WEST COAST VARIATION:

Use 12 ounces of an herbed chicken or turkey sausage, along with 4 ounces chopped prosciutto. In place of the crushed tomatoes, use a 6.35-ounce container of prepared pesto and a 14-ounce can of artichoke hearts (drained), the zest and juice of 1 orange and 1 lemon, and 2 tablespoons chopped fresh tarragon. Use lump crabmeat for the seafood. Serve topped with sliced avocado.

Nutrition information per serving: 450 calories; 170 calories from fat (38 percent of total calories); 18 g fat (4 g saturated; 0 g trans fats); 105 mg cholesterol; 39 g carbohydrate; 4 g fiber; 3 g sugar; 31 g protein; 1,050 mg sodium.

Thousands celebrate Australia’s Gay Mardi Gras

SYDNEY (AP) — Thousands of people in lavish costumes and various states of undress danced and partied their way through Sydney’s streets on Saturday, in Australia’s annual Gay and Lesbian Mardi Gras Parade.

The parade — one of the world’s largest and most flamboyant gay pride events — had 9,400 participants and 135 floats and featured the theme, “History of the World” — a look at gay history.

Hundreds of thousands of cheering spectators watched the procession, led this year by famed transsexual model Amanda Lepore. Her sparse attire, festooned with precision-cut crystals, left little to the imagination as she perched on an open-top Mercedes.

One reveler dressed as Osama bin Laden led a group of dancing “Binlettes,” who sported pink sequins and improvised “mini-burkas,” which only covered the head. Osama’s right-hand man, who identified himself as “Greenie,” said the bearded leader was here to terrorize the intolerant.

“It’s about bringing back the gayness for Osama: Express the flesh!” Greenie said. “He’s been in a cave for a long time. Bill Clinton couldn’t do it, George Bush couldn’t do it, Barack Obama doesn’t want to do it … but he’s come out today for the Gay and Lesbian Mardi Gras here in Sydney.”

“Michael Jackson’s Thriller Zombie Marching Group” followed a hearse through the streets, which the director and producer of the float, Gareth Ernst, said was a parody of the celebrity death cult.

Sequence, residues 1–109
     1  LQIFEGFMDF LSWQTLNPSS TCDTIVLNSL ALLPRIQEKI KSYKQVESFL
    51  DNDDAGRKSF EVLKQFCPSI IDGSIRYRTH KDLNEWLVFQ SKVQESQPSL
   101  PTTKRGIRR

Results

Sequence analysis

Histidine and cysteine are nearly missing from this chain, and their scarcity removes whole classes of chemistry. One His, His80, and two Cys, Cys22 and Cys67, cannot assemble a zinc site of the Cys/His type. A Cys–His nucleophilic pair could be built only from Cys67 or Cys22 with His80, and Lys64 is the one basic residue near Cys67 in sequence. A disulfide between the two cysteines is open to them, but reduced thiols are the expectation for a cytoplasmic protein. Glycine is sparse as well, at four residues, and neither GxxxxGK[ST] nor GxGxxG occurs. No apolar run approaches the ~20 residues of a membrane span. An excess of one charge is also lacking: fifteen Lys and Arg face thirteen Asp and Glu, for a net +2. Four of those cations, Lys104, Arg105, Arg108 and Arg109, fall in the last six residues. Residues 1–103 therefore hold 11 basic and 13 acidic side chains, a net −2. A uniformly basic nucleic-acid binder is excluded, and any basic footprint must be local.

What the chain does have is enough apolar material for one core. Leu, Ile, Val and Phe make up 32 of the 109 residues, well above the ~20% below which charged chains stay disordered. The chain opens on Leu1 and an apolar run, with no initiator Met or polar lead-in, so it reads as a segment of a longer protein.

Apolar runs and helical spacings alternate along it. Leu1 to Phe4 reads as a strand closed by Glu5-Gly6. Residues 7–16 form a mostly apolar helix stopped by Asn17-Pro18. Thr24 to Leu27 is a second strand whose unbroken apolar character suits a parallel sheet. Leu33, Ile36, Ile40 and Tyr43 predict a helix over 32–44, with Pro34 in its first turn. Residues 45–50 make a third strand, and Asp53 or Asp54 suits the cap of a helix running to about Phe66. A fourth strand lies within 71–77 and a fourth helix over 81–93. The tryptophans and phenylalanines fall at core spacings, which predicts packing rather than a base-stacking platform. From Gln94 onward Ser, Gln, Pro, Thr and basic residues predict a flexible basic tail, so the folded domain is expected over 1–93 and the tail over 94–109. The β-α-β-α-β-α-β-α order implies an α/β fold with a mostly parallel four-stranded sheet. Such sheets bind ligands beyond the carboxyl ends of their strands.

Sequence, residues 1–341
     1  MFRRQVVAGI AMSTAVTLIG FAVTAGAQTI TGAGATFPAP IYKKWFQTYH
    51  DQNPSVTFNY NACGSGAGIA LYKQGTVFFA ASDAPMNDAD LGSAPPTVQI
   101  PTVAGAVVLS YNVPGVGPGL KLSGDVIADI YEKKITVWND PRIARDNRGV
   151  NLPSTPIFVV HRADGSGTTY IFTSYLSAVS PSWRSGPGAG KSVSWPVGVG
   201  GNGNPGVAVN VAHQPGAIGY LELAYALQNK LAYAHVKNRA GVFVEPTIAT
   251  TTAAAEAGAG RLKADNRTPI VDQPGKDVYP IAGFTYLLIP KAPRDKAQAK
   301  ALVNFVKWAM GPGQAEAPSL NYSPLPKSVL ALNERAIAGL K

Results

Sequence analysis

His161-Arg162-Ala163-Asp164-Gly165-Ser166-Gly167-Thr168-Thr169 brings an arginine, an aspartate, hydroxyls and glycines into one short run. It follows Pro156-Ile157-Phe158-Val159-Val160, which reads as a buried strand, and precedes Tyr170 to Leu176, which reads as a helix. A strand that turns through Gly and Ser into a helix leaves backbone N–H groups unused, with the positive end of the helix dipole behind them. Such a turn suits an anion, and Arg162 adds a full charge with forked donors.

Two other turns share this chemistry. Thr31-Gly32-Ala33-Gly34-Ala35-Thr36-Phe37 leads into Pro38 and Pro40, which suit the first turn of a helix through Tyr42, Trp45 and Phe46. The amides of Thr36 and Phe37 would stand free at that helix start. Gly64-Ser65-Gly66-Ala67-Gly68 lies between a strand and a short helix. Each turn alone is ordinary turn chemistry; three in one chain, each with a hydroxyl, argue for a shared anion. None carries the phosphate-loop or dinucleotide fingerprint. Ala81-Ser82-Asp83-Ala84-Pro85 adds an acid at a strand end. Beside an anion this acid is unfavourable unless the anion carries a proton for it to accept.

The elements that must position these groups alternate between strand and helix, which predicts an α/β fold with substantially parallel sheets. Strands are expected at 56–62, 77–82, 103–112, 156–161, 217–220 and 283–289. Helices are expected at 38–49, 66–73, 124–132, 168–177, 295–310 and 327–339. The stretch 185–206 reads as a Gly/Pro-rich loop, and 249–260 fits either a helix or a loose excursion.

“Celebrities are like zombies,” said Ernst, who was dressed as Joey Stefano, a 1980s porn star. “They die and come back stronger, more powerful and more popular.”

Other dancers were decked out in full Lycra bodysuits, red devil halos and peacock feathers.

“I actually came out on a float,” Ernst said. “My parents saw me kissing my boyfriend on television. Ten days later I had a call from my mum, who only said to me, ‘We saw you on TV.”’

Spectators crowded the route of the parade through Australia’s largest city. They held rainbow banners and Aussie flags aloft in the hot night air. Jewelry-covered dancers flaunted their frills for the crowd and twirled LED hula hoops with mesmeric variation.

One spectator, Emma Rule, drove more than 600 miles (1,000 kilometers) from Melbourne to watch the parade for the first time, and spent more than six hours waiting on the sidelines for the festivities to begin.

“We’ve been here since 1:30 p.m.,” she said excitedly. “But it was worth it … we were looking forward to the Dykes on Bikes — they are always awesome.”

Rule was referring to the famed Australian lesbian motorcycling group, which rode up and down the parade route on their bikes clad in leather, revving their engines and honking horns.

The parade began as a protest march in 1978 by LGBT people.

Katrina Marton, head of events at Mardi Gras, said the parade had taken on special importance after a same-sex marriage bill was voted down in the Senate earlier this week.

“Under the glitz and glamour it’s still a political march,” she said.